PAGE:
BC Assistance for Seniors Lags Behind Other Provinces

Photograph by Dominik Lange (unsplash.com)

BC’s Seniors Advocate made several recommendations on Thursday aimed at helping seniors living independently make ends meet financially.

Isobel Mackenzie says the province’s subsidies for its senior citizens are lower than other provinces and fail to provide adequate assistance.

“When we look, at exactly what is provided to support seniors living in the community and how much it is costing them, a picture clearly emerges that many seniors are struggling and if we do not begin to address the gaps now, things will only get worse.”

Mackenzie released a report Thursday about the economic well-being of seniors in BC.

Mackenzie says 45 per cent of seniors in BC are living on less than minimum wage and 25 percent get less than $21,000 a year.

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The report also says the minimum wage has increased 40 per cent over the past five years while pension incomes have only risen 14 per cent during the same period.

In addition, the report says most seniors do not have a private benefits plan and “must pay out-of-pocket.”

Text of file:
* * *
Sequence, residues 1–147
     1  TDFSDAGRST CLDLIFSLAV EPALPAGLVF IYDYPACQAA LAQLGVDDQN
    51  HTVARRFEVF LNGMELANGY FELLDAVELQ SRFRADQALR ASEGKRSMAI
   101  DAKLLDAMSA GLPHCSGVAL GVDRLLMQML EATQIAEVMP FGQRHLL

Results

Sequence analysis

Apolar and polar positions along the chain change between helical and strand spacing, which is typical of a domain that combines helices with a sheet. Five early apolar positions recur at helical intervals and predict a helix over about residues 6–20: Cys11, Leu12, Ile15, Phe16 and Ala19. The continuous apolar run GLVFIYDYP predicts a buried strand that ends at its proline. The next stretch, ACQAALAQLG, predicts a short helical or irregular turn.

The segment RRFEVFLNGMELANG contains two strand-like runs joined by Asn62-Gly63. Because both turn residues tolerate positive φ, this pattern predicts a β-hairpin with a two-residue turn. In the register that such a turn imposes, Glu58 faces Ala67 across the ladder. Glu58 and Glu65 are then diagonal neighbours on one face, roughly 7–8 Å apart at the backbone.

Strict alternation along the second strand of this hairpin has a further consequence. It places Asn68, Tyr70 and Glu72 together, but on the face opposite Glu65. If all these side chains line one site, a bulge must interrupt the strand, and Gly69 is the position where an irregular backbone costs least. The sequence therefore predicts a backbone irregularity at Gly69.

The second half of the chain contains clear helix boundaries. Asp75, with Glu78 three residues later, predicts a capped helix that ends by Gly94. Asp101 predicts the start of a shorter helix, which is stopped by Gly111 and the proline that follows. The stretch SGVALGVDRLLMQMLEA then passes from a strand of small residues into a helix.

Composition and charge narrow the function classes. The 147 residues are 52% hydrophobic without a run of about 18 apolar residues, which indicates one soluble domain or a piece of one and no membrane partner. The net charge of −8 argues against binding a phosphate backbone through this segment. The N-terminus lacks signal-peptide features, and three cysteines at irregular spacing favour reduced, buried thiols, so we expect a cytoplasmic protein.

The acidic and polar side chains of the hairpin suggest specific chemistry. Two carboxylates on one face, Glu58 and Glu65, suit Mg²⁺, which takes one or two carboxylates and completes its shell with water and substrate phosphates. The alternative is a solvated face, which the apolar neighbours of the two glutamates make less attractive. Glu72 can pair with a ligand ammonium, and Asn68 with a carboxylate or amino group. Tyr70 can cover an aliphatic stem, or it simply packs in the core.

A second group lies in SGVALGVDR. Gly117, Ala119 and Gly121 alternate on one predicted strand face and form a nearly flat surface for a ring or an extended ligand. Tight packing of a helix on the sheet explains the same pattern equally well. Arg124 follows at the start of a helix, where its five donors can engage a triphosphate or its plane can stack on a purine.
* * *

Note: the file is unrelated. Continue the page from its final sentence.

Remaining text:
Mackenzie says “whether it is about paying the rent, finding the money for major house repairs, dental care, home care, medications, or any of the many supports and services that we need as we age, there are many seniors who find the limits of their pension income a challenge.”

The seniors advocate notes that over the past 10 years rents have increased by 50 per cent while pension incomes rose just 25 per cent.

She adds that the SAFER program to help low income seniors with rent is failing in its goal of helping them stay below the threshold of paying 30 per cent of their income for housing.

Mackenzie says her office did a survey of 10-thousand seniors regarding their challenges and found half are concerned about being able to stay in their own homes as they age.

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She adds that 84 per cent report “running out of money to buy food some of the time,” and notes there’s been a 78 per cent increase in use of food banks by seniors in the last five years.

Among the highlights of the report by the Office of the Seniors Advocate of BC:

  • The 2019 median income for B.C. seniors was $30,750 a year, compared to $51,170 for the prime working age population and 25% of seniors earn an income less than $21,000.
  • 90 per cent of seniors receive pension income from Old Age Security (OAS) and Canada Pension Plan (CPP) and 28 per cent receive the Guaranteed Income Supplement (GIS) top up for low- income seniors. On average, these pensions provide an annual income of $22,649
  • BC Seniors Supplement, a financial support provided by the Province for the lowest income seniors was doubled last year to a maximum of $99 per month but is the fourth lowest in the country and not indexed to inflation.
  • In the last 10 years, market rents have increased by 50 percent, the allowable rent increase jumped 34 per cent while pension incomes have risen just 25 per cent, in the same period.